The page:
August 28, 1990. I remember it very well–and my prayers are for the families and friends who were lost or injured in the major then F5 Plainfield, Illinois tornado.
A moment of silence for the remembrance of everyone who remembered that terrible tragedy…
On the day this happened, I was due to go to work doing a tile installation for a client who worked for the Illinois Department of Transportation. He went out on that emergency. I knew it was a real bad storm because even though I was over 25 miles from the touchdown, all the emergency sirens sounded and I heard from my client and he called when he was on the way there, and told me he was going to trust my company and left a key to get in. We finished the job, because he was gone for almost a whole week assisting FEMA with operations and life sustaining operations. Bless that man, and all the volunteers, workers, emergency personnel that assisted in making sure as many injured persons were getting the care to help them live again. Thank God we made it through that horrible day! The unfortunate tally of this violent tornado is 29 deaths and 353 injuries. Never forget!!!
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Photos of the Plainfield tornado’s damage, Courtesy of weather.gov:
Maps and photos assembled by numerous NWS Chicago staff including past work by Jim Allsopp (retired NWS), and former students Nicole Batzek and Cameron Nixon. It has been noted that there are no photos of this very devastating tornado, because the whole tornado was hidden behind a wall cloud of both rain and then debris. So warning on this tornado was a few years before Doppler radar improvements would be able to be made in order to be able to make a judgement call and activate the Emergency Alert System. earlier than it was done on that day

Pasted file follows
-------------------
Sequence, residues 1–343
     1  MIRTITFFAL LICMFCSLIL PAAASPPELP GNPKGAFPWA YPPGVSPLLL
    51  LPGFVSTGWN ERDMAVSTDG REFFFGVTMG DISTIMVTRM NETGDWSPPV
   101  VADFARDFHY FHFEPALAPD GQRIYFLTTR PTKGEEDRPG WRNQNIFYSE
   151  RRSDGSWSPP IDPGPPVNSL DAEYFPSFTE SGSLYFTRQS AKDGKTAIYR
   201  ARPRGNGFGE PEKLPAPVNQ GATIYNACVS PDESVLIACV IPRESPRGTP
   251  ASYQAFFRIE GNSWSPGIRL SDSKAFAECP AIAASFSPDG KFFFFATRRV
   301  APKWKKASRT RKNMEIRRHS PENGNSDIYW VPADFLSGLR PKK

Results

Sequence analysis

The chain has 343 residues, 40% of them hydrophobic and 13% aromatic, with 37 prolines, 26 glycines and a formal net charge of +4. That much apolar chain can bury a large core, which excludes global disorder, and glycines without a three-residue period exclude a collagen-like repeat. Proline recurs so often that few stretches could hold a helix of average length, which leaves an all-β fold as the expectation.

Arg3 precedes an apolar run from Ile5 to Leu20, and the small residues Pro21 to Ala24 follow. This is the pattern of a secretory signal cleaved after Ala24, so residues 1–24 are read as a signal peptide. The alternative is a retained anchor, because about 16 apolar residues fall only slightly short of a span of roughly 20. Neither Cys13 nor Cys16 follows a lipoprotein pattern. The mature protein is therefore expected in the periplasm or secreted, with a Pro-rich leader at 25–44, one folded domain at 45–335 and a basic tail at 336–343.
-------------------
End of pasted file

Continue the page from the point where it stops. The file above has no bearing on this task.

The late Dr. Theodore Fujita of the University of Chicago single handedly changed the trajectory of the whole way that damage, force, winds and other factors were measured. The Fujita scale was also updated since this major tornado hit Plainfield and replaced with the Enhanced Fujita Scale, or the EF Scale. The scale became operational as of February 1, 2007, and is now used to assign a tornado a ‘rating’ based on estimated wind speeds and related damage in the case of any spotted and/or officially acknowledged tornado.
Tom Skilling Courtesy of YouTube:
YouTube Video: “Eight Minutes in August: The F-5 Plainfield Tornado of 1990” Courtesy of @JolietMuseum on YouTube From: Jan 4, 2016
I had the opportunity to meet Tom Skilling personally in 2007 while attending the annual WGN/Fermilab Storm and Severe Weather Seminar. The seminar is a must attend for anyone into weather. Just attending it one time could be the difference between life and death in a storm situation. Thank you Tom, your expertise is always gladly needed, because you are so careful when you put together your daily forecasts.
1990: PLAINFIELD TORNADO
What is the difference between an EF5 and an EF1 Tornado?
Here is an example of the difference between the Tornado that hit Versatileer‘s city of Oak Forest (EF1) and the Great Plainfield tornado (then F5/Now EF5). Our power was out for days, and took over a year for recovery. As I just heard Plainfield never completely recovered, some major operations and damages took over a decade to finish, and we never recover from even one death, and we experienced 29 deaths. You can see that the damage between the above photos whereby you are able to see the specific path carved onto the ground from an aerial shot of the Plainfield tornado (very wide).
Photos of 2020 EF1 Tornado in Oak Forest, Illinois:
Images © 2020 Versatileer
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See Tips: Preparedness Before, During & After a Tornado:
The Danger of Tornadoes – Spring & Summer Weather Series + Resources For Recovery https://t.co/ELB7HwKljQ
— Jerry Marquardt (@Versatileer) April 11, 2022
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Be prepared, and be safe.
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